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    What is an alt?

    An alt, short for alternate character, is a secondary or additional character created by a player in a roleplaying game, particularly a multiplayer game.

    Unlike a player’s main character, an alt often explores different aspects of the game, such as storylines, skills, or perspectives. Alts allow players to experience the game from multiple viewpoints without affecting the progress and storyline of their primary character.

    A brief history of the term

    The concept of an alternate character originated in the early days of text-based roleplaying games. Players seeking new experiences or strategies would create additional characters separate from their primary one.

    This practice became more common as online gaming communities grew, especially in multi-user dungeons (MUDs) and later massively multiplayer online roleplaying games (MMORPGs).

    Early text-based games offered limited character progression, leading players to explore different roles and narratives through alternate characters. As games became more complex, the role of alternates expanded to include spying in PvP environments or managing in-game resources.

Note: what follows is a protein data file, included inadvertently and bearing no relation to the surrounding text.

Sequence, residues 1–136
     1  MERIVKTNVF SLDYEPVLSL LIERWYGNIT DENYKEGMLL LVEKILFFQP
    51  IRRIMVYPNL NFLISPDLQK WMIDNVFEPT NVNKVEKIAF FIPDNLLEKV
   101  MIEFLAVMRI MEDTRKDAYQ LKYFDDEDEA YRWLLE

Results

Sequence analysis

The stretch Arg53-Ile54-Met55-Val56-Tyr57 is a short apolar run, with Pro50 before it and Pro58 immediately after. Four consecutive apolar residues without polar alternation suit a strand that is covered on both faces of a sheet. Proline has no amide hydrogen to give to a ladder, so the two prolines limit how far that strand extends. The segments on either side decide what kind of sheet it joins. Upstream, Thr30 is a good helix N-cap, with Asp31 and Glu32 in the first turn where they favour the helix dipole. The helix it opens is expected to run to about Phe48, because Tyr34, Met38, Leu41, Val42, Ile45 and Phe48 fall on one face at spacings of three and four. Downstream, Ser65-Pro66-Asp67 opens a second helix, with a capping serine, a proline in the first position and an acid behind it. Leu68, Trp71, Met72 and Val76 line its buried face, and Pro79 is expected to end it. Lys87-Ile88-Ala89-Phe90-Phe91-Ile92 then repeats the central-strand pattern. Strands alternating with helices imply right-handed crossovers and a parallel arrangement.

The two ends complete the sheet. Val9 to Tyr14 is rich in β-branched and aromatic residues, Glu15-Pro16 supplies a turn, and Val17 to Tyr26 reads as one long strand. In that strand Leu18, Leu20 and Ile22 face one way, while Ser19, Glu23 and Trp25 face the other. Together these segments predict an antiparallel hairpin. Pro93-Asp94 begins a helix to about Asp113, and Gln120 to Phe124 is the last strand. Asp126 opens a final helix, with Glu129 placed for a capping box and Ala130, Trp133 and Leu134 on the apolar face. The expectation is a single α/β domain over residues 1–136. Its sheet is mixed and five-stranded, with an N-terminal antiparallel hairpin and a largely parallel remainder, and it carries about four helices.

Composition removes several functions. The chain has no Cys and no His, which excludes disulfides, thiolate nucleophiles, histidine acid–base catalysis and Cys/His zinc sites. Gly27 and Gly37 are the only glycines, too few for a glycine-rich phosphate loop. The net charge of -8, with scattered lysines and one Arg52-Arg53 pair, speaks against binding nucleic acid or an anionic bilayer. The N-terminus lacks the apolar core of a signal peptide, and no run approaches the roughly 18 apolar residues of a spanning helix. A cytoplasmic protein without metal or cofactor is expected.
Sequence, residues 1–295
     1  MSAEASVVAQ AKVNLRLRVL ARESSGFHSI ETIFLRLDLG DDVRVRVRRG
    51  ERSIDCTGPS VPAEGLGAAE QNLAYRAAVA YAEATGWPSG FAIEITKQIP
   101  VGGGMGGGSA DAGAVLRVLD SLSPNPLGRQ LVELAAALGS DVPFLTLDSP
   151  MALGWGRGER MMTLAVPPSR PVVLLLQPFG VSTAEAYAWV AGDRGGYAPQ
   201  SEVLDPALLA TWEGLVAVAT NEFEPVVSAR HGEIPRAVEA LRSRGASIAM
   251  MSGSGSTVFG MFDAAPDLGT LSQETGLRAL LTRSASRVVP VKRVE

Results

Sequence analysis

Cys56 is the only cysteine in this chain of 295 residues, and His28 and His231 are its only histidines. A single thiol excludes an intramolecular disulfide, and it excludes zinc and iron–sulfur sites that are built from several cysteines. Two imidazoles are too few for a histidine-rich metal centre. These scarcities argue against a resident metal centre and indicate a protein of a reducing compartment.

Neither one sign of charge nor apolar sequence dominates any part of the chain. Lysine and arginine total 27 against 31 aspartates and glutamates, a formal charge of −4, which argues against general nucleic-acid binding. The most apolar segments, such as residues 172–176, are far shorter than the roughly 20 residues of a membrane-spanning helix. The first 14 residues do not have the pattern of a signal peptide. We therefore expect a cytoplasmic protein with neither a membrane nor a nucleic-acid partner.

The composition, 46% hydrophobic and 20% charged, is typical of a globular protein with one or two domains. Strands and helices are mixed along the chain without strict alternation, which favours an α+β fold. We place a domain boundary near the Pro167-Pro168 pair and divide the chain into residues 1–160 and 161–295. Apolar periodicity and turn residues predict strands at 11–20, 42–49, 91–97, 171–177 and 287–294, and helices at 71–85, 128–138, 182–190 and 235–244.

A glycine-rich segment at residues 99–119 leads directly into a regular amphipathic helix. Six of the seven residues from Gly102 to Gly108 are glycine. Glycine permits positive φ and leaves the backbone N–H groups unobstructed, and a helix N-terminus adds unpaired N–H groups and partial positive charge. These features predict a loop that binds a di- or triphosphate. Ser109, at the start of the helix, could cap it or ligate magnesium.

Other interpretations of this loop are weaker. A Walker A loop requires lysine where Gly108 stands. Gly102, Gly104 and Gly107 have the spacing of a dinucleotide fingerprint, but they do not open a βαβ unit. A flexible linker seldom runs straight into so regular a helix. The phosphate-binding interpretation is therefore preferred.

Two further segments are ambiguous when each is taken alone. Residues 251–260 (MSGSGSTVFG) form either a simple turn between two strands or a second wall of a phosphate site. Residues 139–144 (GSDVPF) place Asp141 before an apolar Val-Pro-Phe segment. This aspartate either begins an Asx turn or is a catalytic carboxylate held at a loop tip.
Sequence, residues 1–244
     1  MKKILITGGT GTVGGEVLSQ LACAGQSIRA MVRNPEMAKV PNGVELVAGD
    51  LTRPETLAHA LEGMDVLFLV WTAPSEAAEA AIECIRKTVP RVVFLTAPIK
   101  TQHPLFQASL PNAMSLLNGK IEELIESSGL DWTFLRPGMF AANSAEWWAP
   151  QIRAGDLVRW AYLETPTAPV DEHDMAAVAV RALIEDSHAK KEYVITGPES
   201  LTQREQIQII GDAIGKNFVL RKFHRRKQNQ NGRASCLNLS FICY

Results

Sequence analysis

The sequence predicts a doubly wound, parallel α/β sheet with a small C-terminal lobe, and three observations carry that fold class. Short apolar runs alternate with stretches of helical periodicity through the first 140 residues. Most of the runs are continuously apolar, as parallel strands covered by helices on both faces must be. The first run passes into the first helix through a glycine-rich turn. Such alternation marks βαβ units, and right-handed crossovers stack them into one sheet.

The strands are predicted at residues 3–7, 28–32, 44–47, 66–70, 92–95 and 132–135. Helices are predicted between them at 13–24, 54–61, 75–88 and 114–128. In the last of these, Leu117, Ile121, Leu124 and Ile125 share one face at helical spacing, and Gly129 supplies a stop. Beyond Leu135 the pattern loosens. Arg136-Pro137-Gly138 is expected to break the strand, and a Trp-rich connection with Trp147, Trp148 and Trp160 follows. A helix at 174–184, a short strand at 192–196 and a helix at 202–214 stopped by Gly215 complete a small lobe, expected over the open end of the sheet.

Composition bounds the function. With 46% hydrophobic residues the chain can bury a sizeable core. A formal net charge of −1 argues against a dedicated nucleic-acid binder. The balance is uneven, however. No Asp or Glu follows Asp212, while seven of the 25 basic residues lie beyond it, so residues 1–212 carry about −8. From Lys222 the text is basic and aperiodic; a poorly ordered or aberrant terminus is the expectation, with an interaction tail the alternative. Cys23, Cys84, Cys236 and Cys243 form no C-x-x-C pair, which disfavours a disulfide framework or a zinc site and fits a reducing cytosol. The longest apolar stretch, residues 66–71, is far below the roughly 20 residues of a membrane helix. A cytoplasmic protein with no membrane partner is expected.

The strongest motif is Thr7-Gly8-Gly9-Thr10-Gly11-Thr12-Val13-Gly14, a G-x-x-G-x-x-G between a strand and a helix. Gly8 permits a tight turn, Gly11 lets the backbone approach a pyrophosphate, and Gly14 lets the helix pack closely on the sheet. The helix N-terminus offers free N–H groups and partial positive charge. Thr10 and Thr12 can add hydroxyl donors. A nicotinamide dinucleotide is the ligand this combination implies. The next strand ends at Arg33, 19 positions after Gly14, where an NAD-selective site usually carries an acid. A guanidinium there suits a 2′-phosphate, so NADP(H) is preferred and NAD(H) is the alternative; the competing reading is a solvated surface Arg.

Over time, the use of alternate characters has evolved. In some gaming communities, having an alternate character has become a standard practice, while in others, it’s seen as unnecessary or even frowned upon.

    The perception and utility of alternate characters vary widely, reflecting the diverse objectives and cultures of different gaming communities.

    Modern usage

    Alternate characters are still common in various gaming communities, especially where roleplaying and character development are key elements. They allow players to experience different facets of the game without starting over or abandoning their main character’s progress.

    Types of games that use the term “alt” include but are not limited to:

    MUD, MUSH, MMORPG, RPG, Chat RPG, Social media RPG, and their respective communities.

    Myths about alts

    A common misconception is that creating alts is primarily for avoiding consequences or starting anew after a setback.